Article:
Keeping Kids Safe

Amanda Bryans picture

By Amanda Bryans

Transportation is one of the most vital services Head Start and Early Head Start programs provide. The highest need families are typically the least likely to have access to transportation. They rarely own a vehicle and may have no access to public transportation, either because of location or lack of fare. Sometimes, even when public transportation is available and they have the fare, it is not a reasonable way to get to and from Head Start. Multiple young children, crowded routes, and unpredictable schedules can make it more difficult.

Transportation staff serve an incredibly important role. For many children, they are the first part of each Head Start day. Not only do they make sure the buses are safe and that routes run on time, staff also supervise and engage children on their bus. Positive interactions with transportation staff can set the course of a child's day, making them feel safe and nurtured.

Inasmuch as transportation is one of the most important things we do, it is also the most safety sensitive. You might think the biggest threat is a traffic accident; that is not the case. School buses are the safest vehicles on the road in America. There are fewer fatalities per million passenger miles traveled than for any other vehicle. Head Start's requirement for child safety restraints has made buses even safer for our young passengers.

The biggest dangers occur when children are entering and exiting the bus. This is especially risky when other vehicles are present. Head Start requires monitors on each bus to ensure that children safely board and exit the bus. They guarantee that children do not end up in the path of either the bus itself or other traffic. Head Start regulations and preventive measures encourage curbside pick-up and drop-off and asks that drivers avoiding backing up.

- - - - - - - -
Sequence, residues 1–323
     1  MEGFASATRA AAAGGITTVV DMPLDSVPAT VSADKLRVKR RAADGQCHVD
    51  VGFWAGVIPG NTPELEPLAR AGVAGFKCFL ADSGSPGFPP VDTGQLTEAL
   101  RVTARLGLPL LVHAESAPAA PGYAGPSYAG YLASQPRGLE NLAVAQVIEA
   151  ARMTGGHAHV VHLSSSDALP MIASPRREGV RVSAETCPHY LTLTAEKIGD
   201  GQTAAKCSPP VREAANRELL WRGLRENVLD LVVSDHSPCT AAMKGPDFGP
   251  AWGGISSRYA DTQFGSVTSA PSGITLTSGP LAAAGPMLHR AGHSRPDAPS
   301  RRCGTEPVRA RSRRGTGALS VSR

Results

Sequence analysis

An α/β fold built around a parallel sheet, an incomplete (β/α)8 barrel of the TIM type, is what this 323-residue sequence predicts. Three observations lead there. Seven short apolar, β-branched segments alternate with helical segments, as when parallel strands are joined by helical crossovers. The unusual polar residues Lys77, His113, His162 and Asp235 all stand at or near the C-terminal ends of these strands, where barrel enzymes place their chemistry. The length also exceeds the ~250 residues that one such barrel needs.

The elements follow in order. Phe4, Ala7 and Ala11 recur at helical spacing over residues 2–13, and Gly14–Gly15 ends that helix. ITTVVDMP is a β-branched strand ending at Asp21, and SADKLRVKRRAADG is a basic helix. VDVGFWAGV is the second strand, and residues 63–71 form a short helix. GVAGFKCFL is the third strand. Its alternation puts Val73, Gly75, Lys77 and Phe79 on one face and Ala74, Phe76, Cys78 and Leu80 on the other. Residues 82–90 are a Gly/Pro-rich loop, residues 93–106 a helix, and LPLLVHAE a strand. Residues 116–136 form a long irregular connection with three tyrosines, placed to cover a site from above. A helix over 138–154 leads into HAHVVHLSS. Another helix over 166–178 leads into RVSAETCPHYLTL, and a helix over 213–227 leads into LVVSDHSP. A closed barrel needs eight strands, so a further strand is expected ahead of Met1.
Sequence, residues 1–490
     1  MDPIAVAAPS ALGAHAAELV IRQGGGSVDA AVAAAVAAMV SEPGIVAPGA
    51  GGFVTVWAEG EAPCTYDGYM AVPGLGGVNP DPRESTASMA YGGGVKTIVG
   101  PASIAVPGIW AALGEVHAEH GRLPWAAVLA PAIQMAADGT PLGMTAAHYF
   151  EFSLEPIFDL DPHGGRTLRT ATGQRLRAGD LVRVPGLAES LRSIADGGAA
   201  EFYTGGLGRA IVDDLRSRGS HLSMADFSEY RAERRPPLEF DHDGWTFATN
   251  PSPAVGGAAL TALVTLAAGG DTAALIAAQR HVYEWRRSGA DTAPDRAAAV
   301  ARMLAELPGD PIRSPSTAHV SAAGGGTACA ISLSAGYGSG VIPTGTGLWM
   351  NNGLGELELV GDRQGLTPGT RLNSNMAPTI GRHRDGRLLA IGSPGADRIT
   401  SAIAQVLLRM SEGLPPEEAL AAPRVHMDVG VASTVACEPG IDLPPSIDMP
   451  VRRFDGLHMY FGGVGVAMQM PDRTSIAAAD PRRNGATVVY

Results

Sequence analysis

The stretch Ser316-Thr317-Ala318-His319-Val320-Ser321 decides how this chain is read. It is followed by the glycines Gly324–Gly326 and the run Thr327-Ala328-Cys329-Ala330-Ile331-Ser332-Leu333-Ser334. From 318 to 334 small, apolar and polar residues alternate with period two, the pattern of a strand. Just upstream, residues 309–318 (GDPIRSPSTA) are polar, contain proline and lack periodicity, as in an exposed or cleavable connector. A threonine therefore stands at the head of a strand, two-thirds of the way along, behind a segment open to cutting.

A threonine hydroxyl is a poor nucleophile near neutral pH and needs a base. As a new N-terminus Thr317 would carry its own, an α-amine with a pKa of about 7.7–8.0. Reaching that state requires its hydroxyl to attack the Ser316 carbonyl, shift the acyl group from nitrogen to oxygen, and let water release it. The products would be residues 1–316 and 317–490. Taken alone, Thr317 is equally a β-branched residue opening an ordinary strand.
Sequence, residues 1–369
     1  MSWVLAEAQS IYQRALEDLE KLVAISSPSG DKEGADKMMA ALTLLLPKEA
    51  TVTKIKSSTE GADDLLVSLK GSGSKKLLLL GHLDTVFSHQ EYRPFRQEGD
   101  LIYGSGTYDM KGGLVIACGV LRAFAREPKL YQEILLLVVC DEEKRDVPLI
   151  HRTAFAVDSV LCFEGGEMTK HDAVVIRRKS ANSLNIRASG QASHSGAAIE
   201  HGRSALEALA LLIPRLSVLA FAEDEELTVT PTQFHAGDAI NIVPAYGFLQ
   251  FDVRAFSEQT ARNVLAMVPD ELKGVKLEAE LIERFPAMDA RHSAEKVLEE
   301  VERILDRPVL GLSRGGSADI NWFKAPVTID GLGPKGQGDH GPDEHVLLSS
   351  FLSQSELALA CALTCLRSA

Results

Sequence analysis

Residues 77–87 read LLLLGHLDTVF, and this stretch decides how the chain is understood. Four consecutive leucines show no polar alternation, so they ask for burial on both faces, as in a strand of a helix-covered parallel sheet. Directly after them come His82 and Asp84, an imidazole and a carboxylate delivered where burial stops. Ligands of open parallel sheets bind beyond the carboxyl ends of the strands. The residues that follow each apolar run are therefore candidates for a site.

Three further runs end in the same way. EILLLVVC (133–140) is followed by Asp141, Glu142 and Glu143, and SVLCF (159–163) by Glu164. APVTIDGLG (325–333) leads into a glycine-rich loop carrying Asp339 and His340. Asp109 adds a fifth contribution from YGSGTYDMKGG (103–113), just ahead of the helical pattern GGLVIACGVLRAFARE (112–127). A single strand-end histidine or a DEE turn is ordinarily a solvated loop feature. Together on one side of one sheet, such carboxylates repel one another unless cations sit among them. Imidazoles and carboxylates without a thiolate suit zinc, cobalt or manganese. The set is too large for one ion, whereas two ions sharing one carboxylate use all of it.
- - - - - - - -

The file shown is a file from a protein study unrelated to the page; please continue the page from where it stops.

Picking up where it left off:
Another potential danger is inadvertently leaving a child unattended on a bus. This can result in mental distress, and possibly cause injury and death. Agencies typically have policies in place that require drivers and monitors to check the bus, take attendance, etc. We all make mistakes; right? However, acknowledging this fact does not absolve us. Agencies must build duplicate or back-up systems to ensure that when one person makes a mistake, it does not result in a child being left alone. Recently, we have had several cases where children were not left alone because an agency's secondary system worked.

We also urge you to require staff to call children's parents or guardians when children to do not arrive at school. Over the last few years, several Head Start children or siblings died tragically after being forgotten in cars.

For strategies transportation teams can use to meet these and everyday challenges, watch Supervising Children on Head Start Buses, a new webinar from the National Center on Health. Directors, transportation managers, drivers, bus aides and monitors, and human resource managers can use the tips in the video and related handouts to manage and improve the safety of Head Start transportation services.

Explore our Transportation Pathfinder for more guidance on transportation in Head Start. This tool provides staff with scenarios and solutions for everyday transportation situations and explains program policies and procedures.

Amanda Bryans is the Education and Comprehensive Services Division Director, Office of Head Start.

Keeping Kids Safe. HHS/ACF/OHS. 2013. English.

Last Reviewed: August 2013

Last Updated: April 10, 2014